Ukrainian authorities braced for an expected escalation in Russian attacks ahead of the VE Day holiday on May 9, while officials on both sides said the civilian evacuation of a beleaguered steel mill in Mariupol was complete, although that the fate of the remaining fighters there is unclear. .
Ukrainian officials said on May 7 that all women, children and the elderly had been evacuated from the massive Azovstal steelworks that had been under attack for weeks by Russian forces amid the ruins of the port city.
“The President’s order has been carried out: all women, children and elderly people have been evacuated from Azovstal,” Deputy Prime Minister Iryna Vereshchuk said in a statement on social media.
“This part of Mariupol’s humanitarian mission is over,” she added without giving further details.
Ukrainian President Volodymyr Zelenskiy later said a “second stage” of the evacuation would now take place, with the evacuation of the injured and medical personnel.
He said work would continue on May 8 to secure all humanitarian corridors to allow those in and around the city who wish to leave to exit. He added that Kyiv was trying to get the last fighters out of the steel mill, but it “was extremely difficult”.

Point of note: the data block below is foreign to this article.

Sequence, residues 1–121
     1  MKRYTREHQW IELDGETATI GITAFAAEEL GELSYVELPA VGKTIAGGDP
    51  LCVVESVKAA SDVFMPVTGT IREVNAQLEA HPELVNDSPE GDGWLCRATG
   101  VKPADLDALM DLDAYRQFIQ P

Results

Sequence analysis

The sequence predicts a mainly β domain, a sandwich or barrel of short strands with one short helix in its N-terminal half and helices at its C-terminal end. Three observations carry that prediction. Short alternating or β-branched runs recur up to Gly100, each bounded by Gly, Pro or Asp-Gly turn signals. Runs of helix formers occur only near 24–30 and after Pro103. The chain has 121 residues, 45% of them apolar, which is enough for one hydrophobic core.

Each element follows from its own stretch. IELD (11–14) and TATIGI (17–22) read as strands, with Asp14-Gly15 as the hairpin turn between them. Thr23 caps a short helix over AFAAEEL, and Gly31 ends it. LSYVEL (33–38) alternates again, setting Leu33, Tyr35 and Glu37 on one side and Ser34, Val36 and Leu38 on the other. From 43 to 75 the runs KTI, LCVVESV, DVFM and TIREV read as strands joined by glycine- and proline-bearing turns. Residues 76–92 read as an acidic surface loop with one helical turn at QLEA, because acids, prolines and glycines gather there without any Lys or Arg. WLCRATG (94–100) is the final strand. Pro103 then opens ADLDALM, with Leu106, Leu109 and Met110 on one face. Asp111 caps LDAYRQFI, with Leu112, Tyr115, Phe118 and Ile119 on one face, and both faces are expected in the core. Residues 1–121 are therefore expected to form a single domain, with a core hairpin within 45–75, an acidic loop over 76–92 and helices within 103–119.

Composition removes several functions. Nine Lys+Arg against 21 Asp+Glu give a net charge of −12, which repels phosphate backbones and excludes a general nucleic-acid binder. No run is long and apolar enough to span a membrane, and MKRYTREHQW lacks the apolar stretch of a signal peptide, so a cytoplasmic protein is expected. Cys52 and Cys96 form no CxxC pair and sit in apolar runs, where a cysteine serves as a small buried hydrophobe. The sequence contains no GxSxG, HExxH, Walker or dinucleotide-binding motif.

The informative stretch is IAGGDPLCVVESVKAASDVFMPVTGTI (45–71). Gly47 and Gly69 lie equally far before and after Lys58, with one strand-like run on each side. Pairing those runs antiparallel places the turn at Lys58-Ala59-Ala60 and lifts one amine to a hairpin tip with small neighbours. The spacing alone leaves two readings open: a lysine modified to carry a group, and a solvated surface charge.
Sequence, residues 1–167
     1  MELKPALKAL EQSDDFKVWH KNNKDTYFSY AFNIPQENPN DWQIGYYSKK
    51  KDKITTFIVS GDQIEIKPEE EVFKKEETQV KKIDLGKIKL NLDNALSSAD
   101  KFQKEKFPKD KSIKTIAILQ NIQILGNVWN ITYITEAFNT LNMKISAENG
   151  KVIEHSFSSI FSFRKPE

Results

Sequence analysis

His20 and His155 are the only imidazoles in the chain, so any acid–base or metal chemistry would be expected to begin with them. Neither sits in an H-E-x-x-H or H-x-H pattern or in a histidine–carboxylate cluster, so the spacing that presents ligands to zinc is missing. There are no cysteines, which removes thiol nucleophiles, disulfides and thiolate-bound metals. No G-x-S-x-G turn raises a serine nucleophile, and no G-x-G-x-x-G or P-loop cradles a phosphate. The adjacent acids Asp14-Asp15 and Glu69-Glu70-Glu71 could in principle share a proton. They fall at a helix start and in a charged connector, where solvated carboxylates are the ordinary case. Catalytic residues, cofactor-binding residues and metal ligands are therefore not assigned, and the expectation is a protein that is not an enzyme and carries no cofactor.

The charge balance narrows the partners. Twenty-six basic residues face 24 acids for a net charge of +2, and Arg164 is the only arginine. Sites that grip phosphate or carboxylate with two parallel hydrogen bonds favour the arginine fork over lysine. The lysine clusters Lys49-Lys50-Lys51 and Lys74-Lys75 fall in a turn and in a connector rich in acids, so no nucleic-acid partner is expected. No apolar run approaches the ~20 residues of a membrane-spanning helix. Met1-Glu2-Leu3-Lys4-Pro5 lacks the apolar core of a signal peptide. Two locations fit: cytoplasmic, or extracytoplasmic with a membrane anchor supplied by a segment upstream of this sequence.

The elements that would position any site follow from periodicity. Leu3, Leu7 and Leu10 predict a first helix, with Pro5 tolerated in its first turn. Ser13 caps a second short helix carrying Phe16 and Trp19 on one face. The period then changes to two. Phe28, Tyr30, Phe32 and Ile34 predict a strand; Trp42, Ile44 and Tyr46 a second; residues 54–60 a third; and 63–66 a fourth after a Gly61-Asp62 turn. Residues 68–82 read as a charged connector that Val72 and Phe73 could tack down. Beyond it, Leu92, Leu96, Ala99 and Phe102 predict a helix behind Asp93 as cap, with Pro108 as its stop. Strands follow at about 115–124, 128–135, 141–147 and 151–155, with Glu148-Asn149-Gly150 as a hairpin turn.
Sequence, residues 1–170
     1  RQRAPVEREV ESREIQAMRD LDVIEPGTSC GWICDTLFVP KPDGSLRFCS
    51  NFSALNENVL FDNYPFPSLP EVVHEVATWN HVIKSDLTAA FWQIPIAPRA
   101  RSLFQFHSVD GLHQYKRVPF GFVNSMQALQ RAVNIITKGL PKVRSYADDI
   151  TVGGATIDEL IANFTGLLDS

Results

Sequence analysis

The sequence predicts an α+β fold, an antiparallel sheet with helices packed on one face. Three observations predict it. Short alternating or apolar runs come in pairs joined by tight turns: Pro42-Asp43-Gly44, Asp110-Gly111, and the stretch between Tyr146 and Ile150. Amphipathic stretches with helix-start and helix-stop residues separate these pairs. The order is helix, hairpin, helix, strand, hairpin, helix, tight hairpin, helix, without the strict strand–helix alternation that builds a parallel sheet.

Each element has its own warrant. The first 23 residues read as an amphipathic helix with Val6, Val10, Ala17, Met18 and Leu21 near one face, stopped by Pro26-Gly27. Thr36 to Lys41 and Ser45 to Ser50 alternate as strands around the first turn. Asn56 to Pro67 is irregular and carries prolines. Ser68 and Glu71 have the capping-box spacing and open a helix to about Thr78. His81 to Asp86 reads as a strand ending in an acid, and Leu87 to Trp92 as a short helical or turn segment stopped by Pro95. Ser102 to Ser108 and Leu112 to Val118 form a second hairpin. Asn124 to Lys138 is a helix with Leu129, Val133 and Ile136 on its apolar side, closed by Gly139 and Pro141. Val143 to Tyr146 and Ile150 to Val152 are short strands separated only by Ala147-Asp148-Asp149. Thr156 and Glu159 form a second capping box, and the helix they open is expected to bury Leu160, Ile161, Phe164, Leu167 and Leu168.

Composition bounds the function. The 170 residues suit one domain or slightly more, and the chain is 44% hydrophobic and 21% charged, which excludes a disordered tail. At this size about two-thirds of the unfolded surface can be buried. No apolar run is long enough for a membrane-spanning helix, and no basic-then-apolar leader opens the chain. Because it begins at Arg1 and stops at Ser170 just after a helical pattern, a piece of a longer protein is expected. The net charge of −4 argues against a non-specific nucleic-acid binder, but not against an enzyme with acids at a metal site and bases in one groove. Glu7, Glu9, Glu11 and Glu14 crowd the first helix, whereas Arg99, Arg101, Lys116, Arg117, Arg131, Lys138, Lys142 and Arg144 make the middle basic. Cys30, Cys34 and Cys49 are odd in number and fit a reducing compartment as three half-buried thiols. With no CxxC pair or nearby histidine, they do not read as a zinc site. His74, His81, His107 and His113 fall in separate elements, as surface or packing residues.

Fears are growing that a final and bloody showdown between Ukrainian fighters and Russian troops could break out if the defenders are not allowed to be evacuated from the factory.
The evacuation of the Azovstal steelworks has intensified over the past two days, even as Russia has continued to batter the facility and the strategic city, which now lies mostly in ruins.
Russia is seeking to complete its takeover of the region and build a land bridge between Crimea – which it illegally annexed in 2014 – and territory controlled by Moscow-backed separatists in eastern Ukraine.
Mariupol has suffered the worst fighting in Ukraine since Russian troops were forced to retreat around kyiv and other northern towns.
Prior to the weekend, around 200 civilians were hiding in the massive steelworks along with around 2,000 Ukrainian defenders.
The United Nations and the International Committee of the Red Cross are desperately trying to organize evacuations from the site.
Russian officials also later released a statement saying the civilian evacuation of the steel mill was complete.
The fate of the fighters remains uncertain.
Russia, meanwhile, claimed that its Iskander missiles had destroyed a cache of Ukrainian weapons that had been supplied by the United States and Europe and that high-precision missiles had destroyed Ukrainian planes at airfields in Artsyz, Odessa and Voznesensk regions.